Conservation biologist Leah Gerber discusses her work with marine ecosystem conservation, the remarkable backlash to a proposal she and her colleagues made, and the difficulties working between two entrenched ideologies.
[audio:http://www.stanford.edu/group/anthropocene/cgi-bin/wordpress/wp-content/uploads/2012/07/Leah-Gerber-Sam.mp3|titles=Leah Gerber & Sam]
Download Episode (Right-click and select Save Link As…)
Dr. Gerber is a broadly trained population ecologist and marine conservation biologist interested in articulating science based policies for sustaining the health of the world’s oceans. In general her goals are to use the best available science to build defensible theories for decision-making in marine ecosystems. This approach includes a solid grounding in natural history and primary data collection, quantitative methods and an appreciation for the interactions between humans and the population dynamics of marine organisms. By developing novel modeling tools, her lab can incorporate highly uncertain scientific information to make efficient conservation decisions about reserve design, sustainable fisheries and endangered species management.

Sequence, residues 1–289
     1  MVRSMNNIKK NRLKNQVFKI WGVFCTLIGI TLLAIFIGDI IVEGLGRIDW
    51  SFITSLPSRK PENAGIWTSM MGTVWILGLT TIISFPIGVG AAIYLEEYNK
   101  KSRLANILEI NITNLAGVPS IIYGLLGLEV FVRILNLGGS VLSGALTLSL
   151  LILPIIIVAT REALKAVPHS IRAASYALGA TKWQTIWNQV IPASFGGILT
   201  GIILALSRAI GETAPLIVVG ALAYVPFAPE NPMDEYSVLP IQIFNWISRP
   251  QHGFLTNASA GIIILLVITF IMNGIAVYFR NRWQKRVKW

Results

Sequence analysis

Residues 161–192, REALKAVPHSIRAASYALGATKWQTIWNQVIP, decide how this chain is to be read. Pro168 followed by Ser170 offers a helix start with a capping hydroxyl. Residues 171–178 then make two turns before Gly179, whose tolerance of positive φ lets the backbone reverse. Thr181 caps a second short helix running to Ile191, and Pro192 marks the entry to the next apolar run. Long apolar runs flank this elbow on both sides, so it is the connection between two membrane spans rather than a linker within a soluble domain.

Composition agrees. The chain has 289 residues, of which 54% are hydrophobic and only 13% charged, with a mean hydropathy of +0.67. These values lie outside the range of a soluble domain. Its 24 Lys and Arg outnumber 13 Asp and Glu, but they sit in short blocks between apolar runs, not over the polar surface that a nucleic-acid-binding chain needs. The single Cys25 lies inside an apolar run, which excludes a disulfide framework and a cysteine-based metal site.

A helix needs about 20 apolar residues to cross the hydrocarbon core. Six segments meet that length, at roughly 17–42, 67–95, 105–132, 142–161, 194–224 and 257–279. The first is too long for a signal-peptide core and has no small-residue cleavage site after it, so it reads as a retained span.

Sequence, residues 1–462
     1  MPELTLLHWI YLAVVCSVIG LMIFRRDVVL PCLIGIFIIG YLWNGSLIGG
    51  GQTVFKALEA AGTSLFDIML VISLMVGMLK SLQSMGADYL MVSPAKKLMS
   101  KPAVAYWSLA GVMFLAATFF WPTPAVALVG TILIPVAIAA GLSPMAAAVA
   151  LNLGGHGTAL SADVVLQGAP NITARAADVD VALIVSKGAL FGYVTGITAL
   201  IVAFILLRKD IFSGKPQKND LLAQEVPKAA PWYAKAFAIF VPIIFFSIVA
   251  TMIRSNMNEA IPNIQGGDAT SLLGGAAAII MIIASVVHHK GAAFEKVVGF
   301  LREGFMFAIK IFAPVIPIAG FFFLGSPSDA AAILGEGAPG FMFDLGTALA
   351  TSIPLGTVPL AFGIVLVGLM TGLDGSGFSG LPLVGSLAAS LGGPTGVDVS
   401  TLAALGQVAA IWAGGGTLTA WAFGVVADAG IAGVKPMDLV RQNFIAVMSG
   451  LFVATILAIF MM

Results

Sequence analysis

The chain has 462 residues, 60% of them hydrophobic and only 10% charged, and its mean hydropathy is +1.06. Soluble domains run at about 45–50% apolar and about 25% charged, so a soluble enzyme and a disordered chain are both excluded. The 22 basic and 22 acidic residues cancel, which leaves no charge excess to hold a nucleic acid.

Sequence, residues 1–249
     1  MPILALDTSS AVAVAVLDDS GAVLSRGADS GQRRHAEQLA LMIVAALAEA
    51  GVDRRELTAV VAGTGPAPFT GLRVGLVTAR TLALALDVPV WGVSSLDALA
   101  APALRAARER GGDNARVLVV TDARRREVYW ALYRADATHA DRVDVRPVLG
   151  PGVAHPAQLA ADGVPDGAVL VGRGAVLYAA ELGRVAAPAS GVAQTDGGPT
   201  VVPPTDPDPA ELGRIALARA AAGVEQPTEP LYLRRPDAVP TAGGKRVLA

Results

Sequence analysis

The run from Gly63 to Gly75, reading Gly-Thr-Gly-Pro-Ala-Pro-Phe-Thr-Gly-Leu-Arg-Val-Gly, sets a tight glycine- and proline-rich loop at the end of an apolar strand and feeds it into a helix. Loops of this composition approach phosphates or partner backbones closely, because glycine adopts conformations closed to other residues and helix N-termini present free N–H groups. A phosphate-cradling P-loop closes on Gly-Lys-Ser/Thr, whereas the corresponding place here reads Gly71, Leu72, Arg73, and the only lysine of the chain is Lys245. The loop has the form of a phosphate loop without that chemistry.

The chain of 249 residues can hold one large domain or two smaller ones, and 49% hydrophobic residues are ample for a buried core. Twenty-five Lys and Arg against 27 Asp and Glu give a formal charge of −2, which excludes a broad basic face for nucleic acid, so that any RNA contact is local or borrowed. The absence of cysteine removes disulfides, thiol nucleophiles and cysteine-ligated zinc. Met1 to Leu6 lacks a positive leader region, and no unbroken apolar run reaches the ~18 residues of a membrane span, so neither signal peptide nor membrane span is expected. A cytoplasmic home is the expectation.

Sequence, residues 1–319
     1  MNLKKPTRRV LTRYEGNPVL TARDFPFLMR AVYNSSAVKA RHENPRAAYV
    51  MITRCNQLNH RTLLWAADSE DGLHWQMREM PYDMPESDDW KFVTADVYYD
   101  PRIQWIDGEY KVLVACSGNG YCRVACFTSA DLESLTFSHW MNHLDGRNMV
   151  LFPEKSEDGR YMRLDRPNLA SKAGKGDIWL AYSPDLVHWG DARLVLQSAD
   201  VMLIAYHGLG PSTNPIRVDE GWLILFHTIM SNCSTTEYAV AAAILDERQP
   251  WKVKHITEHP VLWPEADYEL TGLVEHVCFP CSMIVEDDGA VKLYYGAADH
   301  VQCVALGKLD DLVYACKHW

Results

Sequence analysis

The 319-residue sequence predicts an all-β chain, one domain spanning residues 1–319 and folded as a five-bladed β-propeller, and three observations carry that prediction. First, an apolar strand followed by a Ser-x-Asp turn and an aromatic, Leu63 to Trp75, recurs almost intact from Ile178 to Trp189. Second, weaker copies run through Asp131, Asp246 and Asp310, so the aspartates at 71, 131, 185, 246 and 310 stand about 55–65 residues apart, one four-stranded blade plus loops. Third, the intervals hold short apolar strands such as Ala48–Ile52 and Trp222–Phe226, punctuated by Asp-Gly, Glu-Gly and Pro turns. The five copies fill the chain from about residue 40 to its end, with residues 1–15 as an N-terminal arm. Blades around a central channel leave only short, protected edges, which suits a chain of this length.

Samantha Larson is a master’s student in Earth systems at Stanford, with specialized emphases in ocean sciences and environmental journalism. She also likes to spend as much of her time as possible playing in the mountains, climbing on granite walls, or diving under the sea.